PODS® Mouse Activin A
PODS® TechnologyPODS® proteins are made using an insect cell expression system in which the active protein is co-expressed alongside polyhedrin carrier protein. Polyhedrin forms microcrystals within insect cells which specifically capture the active protein to form a co-crystal complex. The active protein is captured in its nascent, natively folded form with limited scope for proteolytic degradation. Consequently, excellent levels of bioactivity are observed. The PODS® co-crystals provide a sustained release mechanism and can be used to functionalize surfaces. For further details, please refer to the PODS® Technology page.
Product DescriptionThe product contains the polyhedrin protein co-crystalized with Mouse Activin A. Activin A is a member of the Transforming Growth Factor beta (TGF-β) family of proteins with a wide range of biological activities. Activins are produced in many tissue types including the skin, gonads, lungs, and pituitary gland. Activins interact with receptor type I and type II serine/threonine protein kinases, to activate SMAD signaling and regulate diverse cellular functions, such as cell proliferation, differentiation, wound healing, apoptosis, and metabolism. Activin A is a homodimer comprised of two activin beta A chains. Mouse Activin A shares 100% amino acid sequence identity with human, rat, porcine, bovine, and feline Activin A proteins.
PODS® co-crystals provide a depot of proteins which are steadily secreted. It has been estimated that the biological activity of 50 million PODS® co-crystals generates the same peak dose as 3.3 µg of standard recombinant protein. However, at 5 days following the start of seeding the PODS® co-crystals, there are more than 50% of these peak levels still present in the culture system. Ultimately, the amount of PODS® co-crystals that is optimal for a particular experiment should be determined empirically. Based on previous data, we suggest using 50 million PODS® co-crystals in place of 3.3 µg of standard growth factor as a starting point."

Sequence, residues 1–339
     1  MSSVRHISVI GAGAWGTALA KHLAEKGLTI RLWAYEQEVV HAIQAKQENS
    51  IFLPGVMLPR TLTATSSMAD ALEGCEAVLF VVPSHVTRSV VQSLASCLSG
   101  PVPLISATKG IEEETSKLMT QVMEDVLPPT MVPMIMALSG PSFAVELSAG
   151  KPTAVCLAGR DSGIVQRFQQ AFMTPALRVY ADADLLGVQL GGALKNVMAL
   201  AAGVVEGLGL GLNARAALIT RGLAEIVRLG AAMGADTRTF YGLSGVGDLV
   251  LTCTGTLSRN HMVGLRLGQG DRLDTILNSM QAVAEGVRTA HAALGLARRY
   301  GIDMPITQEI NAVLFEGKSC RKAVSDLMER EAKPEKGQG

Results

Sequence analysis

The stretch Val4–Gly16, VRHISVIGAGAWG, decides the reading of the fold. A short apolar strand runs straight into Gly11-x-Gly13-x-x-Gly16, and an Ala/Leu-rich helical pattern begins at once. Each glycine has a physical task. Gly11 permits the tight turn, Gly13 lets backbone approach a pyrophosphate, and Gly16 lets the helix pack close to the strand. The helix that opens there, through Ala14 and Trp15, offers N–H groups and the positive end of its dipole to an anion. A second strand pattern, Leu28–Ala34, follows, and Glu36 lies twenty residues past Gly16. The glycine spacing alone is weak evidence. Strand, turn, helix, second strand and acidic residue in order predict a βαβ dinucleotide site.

To control for cross-reactivity with cells or as a negative control, we recommend using PODS® growth factors alongside PODS® Empty crystals, as the latter do not contain or release cargo protein.
Animal-FreeThis product is produced with no animal derived raw products. All processing and handling employs animal free equipment and animal free protocols.
AA SequenceMADVAGTSNR DFRGREQRLF NSEQYNYNNS KNSRPSTSLY KKAGFMGNIC AKKQFFVSFK DIGWNDWIIA PSGYHANYCE GECPSHIAGT SGSSLSFHST VINHYRMRGH SPFANLKSCC VPTKLRPMSM LYYDDGQNII KKDIQNMIVE ECGCS
Alternative NamesInhibin beta-1, FRP, FSH-releasing protein, EDF, erythroid differentiation factor, FRP, follicle stimulating hormone releasing protein, Activin-A
Research Use OnlyThis product is for Research Use Only.
|Molecular Weight||35 kDa|
|Source||Spodoptera frugiperda (Sf9) cell culture|
|Endotoxin Level||<0.06 EU/ml as measured by gel clot LAL assay|
|Formulation||PODS® were lyophilized from a volatile solution|
PODS® co-crystals may be reconstituted at 200 million co-crystals/ml in sterile PBS. 20% glucose has a buoyant density closer to PODS® co-crystals and can be useful for aliquoting.
PODS® co-crystals are highly stable when stored in aqueous solution (pH range 6 - 8).
|Stability and Storage||Upon receipt, store at 4°C. PODS® co-crystals are stable for at least 1 year when dry and 6 months when resuspended.|
Fasséli Coulibaly, Elaine Chiu, Keiko Ikeda, Sascha Gutmann, Peter W. Haebel, Clemens Schulze-Briese, Hajime Mori, and Peter Metcalf. The molecular organization of cypovirus polyhedra. (2007) Nature. 446: 97-101.
Rey FA. Virology: Holed up in a natural crystal. (2007) Nature. 446: 35-37.
Mori H. Immobilization of Bioactive Growth Factors into Cubic Proteinous Microcrystals (Cypovirus Polyhedra) and Control of Cell Proliferation and Differentiation. (2010) NSTI-Nanotech. 3: 222-225.
Satoshi Abe, Hiroshi Ijiri, Hashiru Negishi, Hiroyuki Yamanaka, Katsuhito Sasaki, Kunio Hirata, Hajime Mori, and Takafumi Ueno. Design of Enzyme-Encapsulated Protein Containers by In-Vivo Crystal Engineering. (2015) Advanced Materials. 27(48): 7951-7956.